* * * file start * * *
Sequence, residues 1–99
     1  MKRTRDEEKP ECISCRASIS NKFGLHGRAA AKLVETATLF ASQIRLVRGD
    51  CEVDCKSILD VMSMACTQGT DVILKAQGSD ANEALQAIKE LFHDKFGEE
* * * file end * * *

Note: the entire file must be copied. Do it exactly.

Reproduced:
Sequence, residues 1–99
     1  MKRTRDEEKP ECISCRASIS NKFGLHGRAA AKLVETATLF ASQIRLVRGD
    51  CEVDCKSILD VMSMACTQGT DVILKAQGSD ANEALQAIKE LFHDKFGEE